Same-sex marriage bill hits snags on religion questions

(AP) - Gov. Andrew Cuomo (D-N.Y.) held more one-on-onenegotiations Friday with Senate Republicans who worry his bill tolegalize gay marriage doesn't do enough to protect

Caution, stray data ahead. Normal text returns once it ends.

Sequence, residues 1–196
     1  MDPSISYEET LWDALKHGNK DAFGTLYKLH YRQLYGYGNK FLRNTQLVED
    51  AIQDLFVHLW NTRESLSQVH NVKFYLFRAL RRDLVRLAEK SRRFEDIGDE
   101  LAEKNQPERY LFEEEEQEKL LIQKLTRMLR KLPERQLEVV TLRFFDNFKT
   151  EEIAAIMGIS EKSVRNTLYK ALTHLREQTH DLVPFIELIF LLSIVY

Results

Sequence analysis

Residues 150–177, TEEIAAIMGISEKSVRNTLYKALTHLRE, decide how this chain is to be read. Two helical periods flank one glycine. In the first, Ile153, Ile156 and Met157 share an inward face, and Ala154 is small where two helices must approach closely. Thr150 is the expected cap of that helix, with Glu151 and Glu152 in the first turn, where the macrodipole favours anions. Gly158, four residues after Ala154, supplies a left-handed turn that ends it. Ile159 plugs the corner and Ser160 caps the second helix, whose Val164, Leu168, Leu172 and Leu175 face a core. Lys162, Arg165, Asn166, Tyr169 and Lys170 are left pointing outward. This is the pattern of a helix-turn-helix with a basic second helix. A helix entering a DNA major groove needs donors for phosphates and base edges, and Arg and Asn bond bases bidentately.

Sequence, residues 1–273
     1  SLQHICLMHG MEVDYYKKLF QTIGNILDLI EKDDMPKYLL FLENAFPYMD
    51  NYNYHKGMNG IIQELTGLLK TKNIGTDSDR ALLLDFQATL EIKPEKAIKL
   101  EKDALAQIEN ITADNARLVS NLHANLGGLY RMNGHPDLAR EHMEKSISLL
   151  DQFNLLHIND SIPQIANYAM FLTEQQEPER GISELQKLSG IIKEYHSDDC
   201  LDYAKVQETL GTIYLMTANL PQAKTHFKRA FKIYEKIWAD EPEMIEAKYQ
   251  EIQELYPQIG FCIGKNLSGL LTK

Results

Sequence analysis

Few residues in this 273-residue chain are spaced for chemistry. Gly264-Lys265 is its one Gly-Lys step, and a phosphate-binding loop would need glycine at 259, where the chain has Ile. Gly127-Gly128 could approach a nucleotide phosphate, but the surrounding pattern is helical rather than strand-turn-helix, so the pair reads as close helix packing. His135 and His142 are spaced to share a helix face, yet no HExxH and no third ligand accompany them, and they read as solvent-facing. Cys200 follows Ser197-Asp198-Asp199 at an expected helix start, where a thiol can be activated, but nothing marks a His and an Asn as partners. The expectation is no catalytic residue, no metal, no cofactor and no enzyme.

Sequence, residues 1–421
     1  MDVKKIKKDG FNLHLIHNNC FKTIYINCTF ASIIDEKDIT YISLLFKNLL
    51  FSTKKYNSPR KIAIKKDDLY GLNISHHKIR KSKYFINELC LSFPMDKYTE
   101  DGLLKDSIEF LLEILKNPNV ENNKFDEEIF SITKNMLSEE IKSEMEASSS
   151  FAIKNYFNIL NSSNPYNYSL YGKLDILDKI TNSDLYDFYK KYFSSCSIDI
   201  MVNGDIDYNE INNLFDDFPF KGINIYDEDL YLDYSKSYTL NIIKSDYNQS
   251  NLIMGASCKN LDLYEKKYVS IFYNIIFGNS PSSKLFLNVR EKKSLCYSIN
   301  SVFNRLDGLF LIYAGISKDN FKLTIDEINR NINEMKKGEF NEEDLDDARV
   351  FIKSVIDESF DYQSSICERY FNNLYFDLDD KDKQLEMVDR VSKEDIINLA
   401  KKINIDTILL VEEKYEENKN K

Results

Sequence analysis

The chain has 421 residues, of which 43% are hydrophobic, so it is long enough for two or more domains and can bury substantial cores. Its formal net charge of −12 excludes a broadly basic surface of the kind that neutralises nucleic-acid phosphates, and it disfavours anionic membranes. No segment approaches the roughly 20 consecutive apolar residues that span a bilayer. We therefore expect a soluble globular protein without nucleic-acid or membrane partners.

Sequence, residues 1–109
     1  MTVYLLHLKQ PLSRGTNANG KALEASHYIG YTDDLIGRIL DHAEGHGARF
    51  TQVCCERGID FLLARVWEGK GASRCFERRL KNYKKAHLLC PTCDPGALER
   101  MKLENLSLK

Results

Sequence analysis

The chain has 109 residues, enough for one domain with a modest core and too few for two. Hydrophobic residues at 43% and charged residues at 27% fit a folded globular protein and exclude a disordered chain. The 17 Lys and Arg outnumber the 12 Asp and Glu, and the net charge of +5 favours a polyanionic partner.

ALBANY - (AP) - Gov. Andrew Cuomo (D-N.Y.) held more one-on-onenegotiations Friday with Senate Republicans who worry his bill tolegalize gay marriage doesn't do enough to protect religious groupsand churches that refuse to preside over same-sex weddings andother services. A third lengthy, closed-door meeting by the GOP majority broughtthe bill, widely viewed as key to national momentum on the issue,no closer to a floor vote. The Democrat-led Assembly passed themeasure Wednesday as expected, and a vote in the Senate had beenanticipated this week. That action could now be days away, after Senate Republicansdidn't even discuss Friday whether to take that action. "There has been no decision - in fact that really was not thediscussion - as to whether it will come out yet, who's voting forit, who's voting against it," Majority Leader Dean Skelos saidimmediately after Friday's two-hour conference. The Long Island Republican said senators for and against gaymarriage want to make the sure that if the bill gets a floor votethere won't be "unintended consequences to this legislation" - areference to religious protections. Skelos didn't go into more details but noted that some Catholicadoption agencies closed after a law was passed years agoprohibiting discrimination against gays and lesbians. Other Republicans have sought further protections of caterersand others who might object to providing services or a venue for awedding of a same-sex couple. Activists on both sides of the gay-marriage debate are anxiouslywatching the outcome of the battle in New York, which may end uphinging on the votes of only a handful of Republican senators. NewYork would become the sixth and largest state where gay marriage islegal. Cuomo met throughout the day in his office with undecidedRepublicans and other influential members of the party, often oneon one, sometimes in groups of two or three. Catholic Archbishop Timothy Dolan of New York said Friday thatthe bill proposed by Cuomo, a Catholic Democrat, would impinge onreligious freedom and on the social services provided by religiousgroups

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